Written by Corey Twibell Friday, 05 November 2010 00:00
Through the efforts of several local individuals, community groups and Nassau County officials, the fully restored Hicksville eagle had its day in the sun on Oct. 28 as the Hicksville Historical Society held a dedication ceremony for the rare bird.
“Samuel A Goldberg, who with his Latin class, dedicated the eagle on May 15, 1965. On May 15, 1990 they had a 25th anniversary ceremony and it’s nice to be here today to celebrate the restoration of the Hicksville eagle,” said David Morrison, who hosted the festivities.
Robert Koenig, president of the Hicksville Historical Society, thanked the Northwest Civic Association for their part in the renovation process and offered a brief history of Hicksville for those unfamiliar with the area.
“Valentine Hicks, son of a Quaker preacher, Elias Hicks, bought land in this area and he later became president of the Long Island Rail Road and that is why the eagle, which we are re-dedicating this day, is so significant to be here in Hicksville,” said Koenig.
Koenig added that the area transformed from a farming community to a busy suburban neighborhood, like many regions throughout the United States, and that the eagle perched at the Hicksville train station is fitting considering its American icon status.
Koenig also commended sculptor Steve Tatti and his team for their work and mentioned town historian Richard Evers, who passed away earlier this year.
Emcee David Morrison then offered some background information of the original Penn Station eagles and their current locations throughout the U.S.
“On Oct. 28, 1963 the demolition of the Pennsylvania Railroad commenced. We’re here to celebrate the fact that we do have an eagle from the old Penn Station – it’s sort of like a phoenix that rose from the ashes,” said Morrison.
“When I think about where these eagles ended up, I think how we’re fortunate that we have an eagle in Hicksville, and that’s through the efforts of Samuel A. Goldberg that we have that eagle here,” Morrison added.
Now scattered up and down the east coast, the eagles can be found at the Market Street station in Philadelphia, Valley Forge Military Academy, the 7th Avenue entrance of Penn Station, the National Zoo in Washington, D.C., the U.S. Merchant Marine Academy, Hampton Sydney College, Maine and of course, Hicksville.
Interestingly, the eagle that was given to Maine was presented as a monument to the granite industry, but it turns out the eagles are composed not of granite but of marble.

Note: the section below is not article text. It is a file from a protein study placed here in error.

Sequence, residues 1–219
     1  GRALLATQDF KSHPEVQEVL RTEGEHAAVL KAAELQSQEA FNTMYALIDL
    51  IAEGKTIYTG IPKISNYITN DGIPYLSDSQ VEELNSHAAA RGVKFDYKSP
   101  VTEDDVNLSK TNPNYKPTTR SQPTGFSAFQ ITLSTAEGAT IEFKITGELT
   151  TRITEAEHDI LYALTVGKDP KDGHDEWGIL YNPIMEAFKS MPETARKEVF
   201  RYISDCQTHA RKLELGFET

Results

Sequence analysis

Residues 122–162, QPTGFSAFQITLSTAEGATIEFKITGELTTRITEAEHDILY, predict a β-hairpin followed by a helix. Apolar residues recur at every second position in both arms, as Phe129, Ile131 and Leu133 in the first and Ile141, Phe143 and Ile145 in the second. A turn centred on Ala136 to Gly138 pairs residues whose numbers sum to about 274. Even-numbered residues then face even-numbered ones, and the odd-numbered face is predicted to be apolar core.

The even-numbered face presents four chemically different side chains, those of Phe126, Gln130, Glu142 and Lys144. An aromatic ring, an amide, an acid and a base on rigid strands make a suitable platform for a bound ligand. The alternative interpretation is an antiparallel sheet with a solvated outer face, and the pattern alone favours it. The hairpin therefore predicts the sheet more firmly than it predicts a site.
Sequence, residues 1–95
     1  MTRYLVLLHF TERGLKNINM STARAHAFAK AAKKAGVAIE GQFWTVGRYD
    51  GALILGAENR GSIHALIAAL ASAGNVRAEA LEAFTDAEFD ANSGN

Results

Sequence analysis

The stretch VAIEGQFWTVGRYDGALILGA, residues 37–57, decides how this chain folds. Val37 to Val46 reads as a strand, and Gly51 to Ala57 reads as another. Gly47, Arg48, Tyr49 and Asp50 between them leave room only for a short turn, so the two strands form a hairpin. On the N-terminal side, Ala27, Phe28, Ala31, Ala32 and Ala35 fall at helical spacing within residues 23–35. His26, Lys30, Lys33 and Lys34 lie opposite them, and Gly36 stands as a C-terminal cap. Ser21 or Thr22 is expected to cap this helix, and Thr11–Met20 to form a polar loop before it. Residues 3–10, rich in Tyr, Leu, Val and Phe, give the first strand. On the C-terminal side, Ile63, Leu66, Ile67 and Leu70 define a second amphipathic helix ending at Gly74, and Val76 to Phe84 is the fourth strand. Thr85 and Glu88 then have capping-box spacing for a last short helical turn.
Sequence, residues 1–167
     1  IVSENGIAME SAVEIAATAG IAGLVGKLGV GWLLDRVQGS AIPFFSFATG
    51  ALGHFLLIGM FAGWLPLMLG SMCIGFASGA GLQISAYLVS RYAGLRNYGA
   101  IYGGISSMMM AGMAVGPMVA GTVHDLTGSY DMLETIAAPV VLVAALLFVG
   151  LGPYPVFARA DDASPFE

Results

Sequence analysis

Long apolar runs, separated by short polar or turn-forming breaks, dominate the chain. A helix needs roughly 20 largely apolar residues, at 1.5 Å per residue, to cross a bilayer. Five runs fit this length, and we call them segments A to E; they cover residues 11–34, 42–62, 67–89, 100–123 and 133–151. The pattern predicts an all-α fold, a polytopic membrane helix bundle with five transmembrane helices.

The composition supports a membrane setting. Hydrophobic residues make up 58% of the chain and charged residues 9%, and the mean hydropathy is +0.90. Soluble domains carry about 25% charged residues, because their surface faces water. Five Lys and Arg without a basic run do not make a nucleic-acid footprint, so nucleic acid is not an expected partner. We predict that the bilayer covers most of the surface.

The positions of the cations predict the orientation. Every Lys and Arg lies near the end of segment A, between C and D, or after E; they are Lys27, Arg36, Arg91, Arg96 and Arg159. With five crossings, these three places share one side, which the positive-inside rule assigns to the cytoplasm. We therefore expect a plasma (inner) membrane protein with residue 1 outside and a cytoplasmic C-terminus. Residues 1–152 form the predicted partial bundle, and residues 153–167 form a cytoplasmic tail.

Morrison explained that years of weathering severely damaged the eagle’s beak and the Hicksville Historical Society held a fundraising campaign, the Long Island Sunrise Trail Chapter of the National Railway Historical Society pledged a contribution and Nassau County, through the hotel/motel tax, contributed funds to help expedite the process. Jeffrey Kimmel, a local attorney who commutes out of Hicksville, donated money to help complete the renovations.
County Executive Edward Mangano, Councilwoman Rebecca Alesia and Legislator Rose Marie Walker were also on hand to say a few words on behalf of the county and the Town of Oyster Bay.
“I am proud of the part that Nassau County played in saving our Hicksville eagle from extinction,” said Mangano. “This eagle is truly a part of New York and Hicksville history. Because of the combined efforts of everyone involved, we were able to preserve this wonderful piece of artwork so that it can be enjoyed by generations to come. I am especially pleased that we also honor Samuel Goldberg, who brought the eagle to Hicksville, ensuring that it became a beloved member of the community.”
Rochelle Goldberg Ruthchild and Stephen A. Goldberg, children of Samuel A. Goldberg, were proud to accept citations on behalf of their father and say a few words in his memory.
“Our father was a dedicated and inspired teacher. He had a wonderful sense of humor,” said Rochelle Goldberg Ruthchild, who noted that her father once motivated students with a promise of a “diamond clip” at the culmination of a successful school year. When the time came, Goldberg, true to his word, presented those students with a dime and a clip.
“Our father was no superman, but he encouraged many of his students to strive and soar like an eagle. Let this eagle be a symbol not only of our father but of all those unsung public school teachers who encouraged their students and helped them be all they can be,” she added.
“Dad may have passed on but his spirit is with us just the same, it’s fitting and we’re extremely grateful that the eagle now bears his name,” said Stephen Goldberg.